The Emergence of The Burke and Notre Dame’s Golf Fanaticism
Nestled in the southwest corner of the University of Notre Dame's campus, the William J. Burke Memorial Golf Course has been a staple of the University's landscape for nearly a hundred years. Affectionately dubbed 'The Burke,' its inception in the late 1920s was a direct response to the burgeoning passion for golf that swept through the student body with the turn of the century. The course stands today not merely as a sporting venue, but as a historical landmark, bearing witness to the timeless enthusiasm for the game among the Fighting Irish.
Preceding its opening, from 1901 to 1910, students could be found playing at a course on the northside of St. Mary’s Lake or on the quad between Badin and Bond Hall. It was only when golf ascended to the status of a varsity minor sport in 1923 that the administration recognized the game's expansive growth, underscoring the need for a dedicated facility.
The growing number of golf enthusiasts were finally granted their wishes for an 18-hole course during the 1929 fall semester after William J. Burke, founder and president of the Vulcan Last Corporation of Portsmouth, Ohio, funded its construction.
According to a Scholastic magazine article from September 20, 1929, the course spanned 6,666 yards with a par of 73 and was placed under the direction of Arthur West, a former employee of Vulcan Golf Company. West oversaw operation and taught fundamentals of the sports to faculty and students during the winter months when adverse conditions prohibited play.
Love of the game and of The Burke persisted over the years and did not waver even as the course underwent alterations. In 1939, the course underwent its inaugural transformation, truncated to make way for the construction of the Rockne Memorial. This pattern of adaptation was echoed in the 1950s with the creation of Pangborn and Fisher Halls. For nearly half a century thereafter, the contours of the course remained unchanged. However, a significant reconfiguration emerged in 1995, when the expansive 18-hole course was reimagined into a more concise nine-hole layout.
The decision to reimagine The Burke marked a turning point, setting the stage for a new chapter in Notre Dame's golfing legacy as the 21st century beckoned with fresh possibilities.
Burke Memorial Golf Course — A Ground of Many Trades
In the ever-evolving landscape of Notre Dame, few locales have served a medley of purposes quite like the Burke Memorial Golf Course. The archives reveal a collection of events that showcase the site's adaptability and the University community's creativity in reimagining this green space.
In 1984, when the chill of winter crept over the campus, the golf course donned a new identity, transforming into a cross-country skiing destination. Moonlighters skied the rolling hillocks, a testament to the enduring spirit of Notre Dame's students who, undeterred by the frost, found warmth in the thrills of twilight skiing.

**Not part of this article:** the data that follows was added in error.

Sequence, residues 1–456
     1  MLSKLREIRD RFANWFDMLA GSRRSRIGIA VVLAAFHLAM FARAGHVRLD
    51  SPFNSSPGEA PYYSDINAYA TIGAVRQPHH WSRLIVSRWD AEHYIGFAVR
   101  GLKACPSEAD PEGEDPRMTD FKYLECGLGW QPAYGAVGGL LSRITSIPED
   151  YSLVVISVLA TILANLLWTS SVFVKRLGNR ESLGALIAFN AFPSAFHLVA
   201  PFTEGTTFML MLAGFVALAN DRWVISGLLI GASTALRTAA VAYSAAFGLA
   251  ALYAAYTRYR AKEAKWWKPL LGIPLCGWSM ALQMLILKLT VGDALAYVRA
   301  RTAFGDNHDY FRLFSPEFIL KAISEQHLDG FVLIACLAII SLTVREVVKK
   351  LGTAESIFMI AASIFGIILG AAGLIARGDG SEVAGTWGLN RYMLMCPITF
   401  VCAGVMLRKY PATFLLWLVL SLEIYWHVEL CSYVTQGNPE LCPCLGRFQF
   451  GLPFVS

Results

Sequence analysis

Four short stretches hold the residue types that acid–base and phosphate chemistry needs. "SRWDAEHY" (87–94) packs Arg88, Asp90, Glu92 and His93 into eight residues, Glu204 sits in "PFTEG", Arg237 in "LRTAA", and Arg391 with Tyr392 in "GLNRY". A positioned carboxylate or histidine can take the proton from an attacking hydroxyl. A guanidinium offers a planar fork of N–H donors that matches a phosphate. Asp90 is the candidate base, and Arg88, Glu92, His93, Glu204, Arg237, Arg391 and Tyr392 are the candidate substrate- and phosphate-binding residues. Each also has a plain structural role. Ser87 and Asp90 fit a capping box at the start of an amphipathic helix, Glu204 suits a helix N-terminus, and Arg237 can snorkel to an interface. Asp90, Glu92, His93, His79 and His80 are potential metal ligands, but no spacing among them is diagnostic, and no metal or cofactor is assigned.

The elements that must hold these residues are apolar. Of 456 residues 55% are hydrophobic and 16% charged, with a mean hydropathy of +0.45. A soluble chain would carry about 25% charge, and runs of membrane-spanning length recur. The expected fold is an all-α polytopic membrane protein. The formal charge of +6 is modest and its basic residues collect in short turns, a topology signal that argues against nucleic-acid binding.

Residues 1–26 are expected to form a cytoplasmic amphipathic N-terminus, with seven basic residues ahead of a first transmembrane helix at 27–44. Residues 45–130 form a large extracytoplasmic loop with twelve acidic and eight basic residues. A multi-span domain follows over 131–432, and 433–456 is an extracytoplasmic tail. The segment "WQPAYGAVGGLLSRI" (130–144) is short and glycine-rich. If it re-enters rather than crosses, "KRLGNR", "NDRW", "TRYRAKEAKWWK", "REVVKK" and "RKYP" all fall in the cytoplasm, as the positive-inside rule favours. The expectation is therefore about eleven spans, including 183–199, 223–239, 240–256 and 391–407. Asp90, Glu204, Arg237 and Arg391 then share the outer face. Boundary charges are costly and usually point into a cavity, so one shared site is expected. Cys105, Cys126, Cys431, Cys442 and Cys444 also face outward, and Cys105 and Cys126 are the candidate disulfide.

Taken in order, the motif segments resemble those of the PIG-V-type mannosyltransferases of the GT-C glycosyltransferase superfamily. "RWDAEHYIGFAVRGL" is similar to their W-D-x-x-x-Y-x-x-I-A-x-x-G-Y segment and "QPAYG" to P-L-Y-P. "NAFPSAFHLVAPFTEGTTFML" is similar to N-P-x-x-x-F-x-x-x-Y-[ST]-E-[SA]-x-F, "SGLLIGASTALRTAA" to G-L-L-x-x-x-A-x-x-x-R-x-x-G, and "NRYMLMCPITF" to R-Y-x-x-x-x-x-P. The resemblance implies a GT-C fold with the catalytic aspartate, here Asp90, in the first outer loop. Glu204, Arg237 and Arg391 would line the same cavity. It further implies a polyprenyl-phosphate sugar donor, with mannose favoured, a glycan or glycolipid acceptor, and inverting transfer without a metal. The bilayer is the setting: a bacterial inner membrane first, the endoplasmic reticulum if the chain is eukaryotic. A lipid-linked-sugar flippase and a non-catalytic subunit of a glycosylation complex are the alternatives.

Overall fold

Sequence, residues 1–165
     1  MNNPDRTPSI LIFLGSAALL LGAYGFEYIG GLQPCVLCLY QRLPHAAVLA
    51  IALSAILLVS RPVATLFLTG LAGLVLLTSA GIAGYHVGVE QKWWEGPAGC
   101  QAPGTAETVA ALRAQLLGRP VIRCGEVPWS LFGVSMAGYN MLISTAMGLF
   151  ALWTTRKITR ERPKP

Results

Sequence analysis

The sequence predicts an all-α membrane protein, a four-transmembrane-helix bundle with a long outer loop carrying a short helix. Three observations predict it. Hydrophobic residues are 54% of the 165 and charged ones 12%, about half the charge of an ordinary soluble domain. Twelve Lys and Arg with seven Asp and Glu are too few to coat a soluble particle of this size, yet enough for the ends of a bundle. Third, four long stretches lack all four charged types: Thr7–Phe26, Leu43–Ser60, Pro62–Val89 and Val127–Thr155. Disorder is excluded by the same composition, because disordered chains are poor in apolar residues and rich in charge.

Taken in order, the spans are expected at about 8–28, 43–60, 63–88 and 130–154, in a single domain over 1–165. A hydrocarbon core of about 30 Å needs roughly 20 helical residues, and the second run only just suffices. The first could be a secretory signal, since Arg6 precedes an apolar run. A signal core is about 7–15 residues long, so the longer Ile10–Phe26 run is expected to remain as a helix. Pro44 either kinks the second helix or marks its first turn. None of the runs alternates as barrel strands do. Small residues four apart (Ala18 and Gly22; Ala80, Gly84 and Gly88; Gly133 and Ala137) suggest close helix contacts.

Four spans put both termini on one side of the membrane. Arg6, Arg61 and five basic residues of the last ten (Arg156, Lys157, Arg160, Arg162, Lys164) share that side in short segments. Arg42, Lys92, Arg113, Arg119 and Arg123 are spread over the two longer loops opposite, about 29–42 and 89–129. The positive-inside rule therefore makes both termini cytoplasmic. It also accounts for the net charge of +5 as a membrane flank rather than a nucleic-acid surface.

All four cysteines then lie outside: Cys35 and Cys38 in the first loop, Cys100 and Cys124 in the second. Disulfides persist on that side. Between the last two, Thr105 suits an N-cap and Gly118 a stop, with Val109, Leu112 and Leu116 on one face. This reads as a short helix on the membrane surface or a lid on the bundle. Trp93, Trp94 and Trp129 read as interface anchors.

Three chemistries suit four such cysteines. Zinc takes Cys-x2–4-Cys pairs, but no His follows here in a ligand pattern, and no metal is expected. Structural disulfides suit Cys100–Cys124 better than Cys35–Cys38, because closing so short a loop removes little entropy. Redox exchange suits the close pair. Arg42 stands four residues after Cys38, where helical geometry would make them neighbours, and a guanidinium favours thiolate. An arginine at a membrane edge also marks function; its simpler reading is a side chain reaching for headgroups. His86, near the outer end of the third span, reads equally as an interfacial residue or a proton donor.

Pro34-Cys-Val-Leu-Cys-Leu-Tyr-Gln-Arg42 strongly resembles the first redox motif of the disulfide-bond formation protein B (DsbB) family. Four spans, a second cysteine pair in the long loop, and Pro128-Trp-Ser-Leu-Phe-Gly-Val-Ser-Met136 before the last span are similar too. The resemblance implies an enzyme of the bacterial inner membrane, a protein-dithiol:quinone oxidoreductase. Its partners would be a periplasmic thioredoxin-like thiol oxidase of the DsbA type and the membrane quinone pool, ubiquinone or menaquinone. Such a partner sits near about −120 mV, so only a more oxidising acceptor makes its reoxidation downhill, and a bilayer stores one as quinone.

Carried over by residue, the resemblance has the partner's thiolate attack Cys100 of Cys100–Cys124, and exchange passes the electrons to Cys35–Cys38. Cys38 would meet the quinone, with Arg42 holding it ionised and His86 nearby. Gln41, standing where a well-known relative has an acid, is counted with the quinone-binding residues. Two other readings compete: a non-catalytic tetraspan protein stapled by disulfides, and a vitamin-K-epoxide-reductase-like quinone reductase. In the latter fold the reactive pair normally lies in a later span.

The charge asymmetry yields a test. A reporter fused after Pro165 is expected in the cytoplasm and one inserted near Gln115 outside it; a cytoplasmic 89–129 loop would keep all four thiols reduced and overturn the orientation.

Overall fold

By 1986, the course became a nurturing ground for the budding ski enthusiast with the NVA cross-country ski clinic. It was not just a space for competition or leisure, but also for learning and growth, embodying the University's commitment to fostering new skills within its community.
The year 1994 witnessed a less buoyant but equally pivotal moment — a theft of flagpoles and flags, as reported by a diligent University employee. This incident, though a blip in the grand narrative, speaks to the course's role in the daily ebb and flow of campus life, a silent witness to both triumphs and tribulations.
In a more lighthearted twist, 1994 also brought an impromptu addition to the golf course's array of activities. An unplanned landing by a hot air balloon provided a momentary spectacle, briefly turning the fairways into a landing strip. This surprise touchdown served as a reminder of the golf course's role as an unwitting stage for the unexpected, punctuating the usual pace of University life with a touch of the extraordinary.
Flipping through the Observer archives, one notes how the course has been a common thread in the fabric of Notre Dame's story. It's a place where the echoes of footfalls on cross-country meet days blend with the silent glide of skis, where the bustle of students converges with the hushed strategy of golf. Through skiing adventures, unexpected landings, and even the occasional grand larceny, the Burke Memorial Golf Course has proven its worth despite being reconfigured to accommodate two new dorms.
The Burke Yields to Warren
The Burke Golf Course, with all its changes, stood as the primary course for both competitive and casual golf at Notre Dame until 1995. As has defined much of Notre Dame’s history, new construction upset the status quo. Four new dorms were constructed at that time in the late 1990s, upsetting the existing continuous 18 holes of the Burke.
The 1995 remodel of the Burke halved the traditional 18 holes, leaving it only with nine holes playing at 3,220 yards and a par of 35. In exchange for the sacrifice of the 9 holes, Notre Dame acquired enough land to build O’Neill, Keough, McGlinn, and Welsh Family Hall on the southwest side of campus.
Notre Dame golfers that were disheartened by the shrinking of the Burke Course would soon be elated to learn that a $7 million gift by Alumnus William Warren, Jr. of Tulsa, Oklahoma (Notre Dame class of 1956) helped make a brand new, 18-hole, 6,744 yard course possible on the other side of campus.
Warren’s passion for golf was longstanding, evidenced by the fact that he held membership at the Augusta National Golf Club—the location of the iconic Master’s Tournament—in Augusta, Georgia and at Southern Hills Golf Club—home to multiple U.S. Open Championships as well as several PGA Championships—in Tulsa, Oklahoma.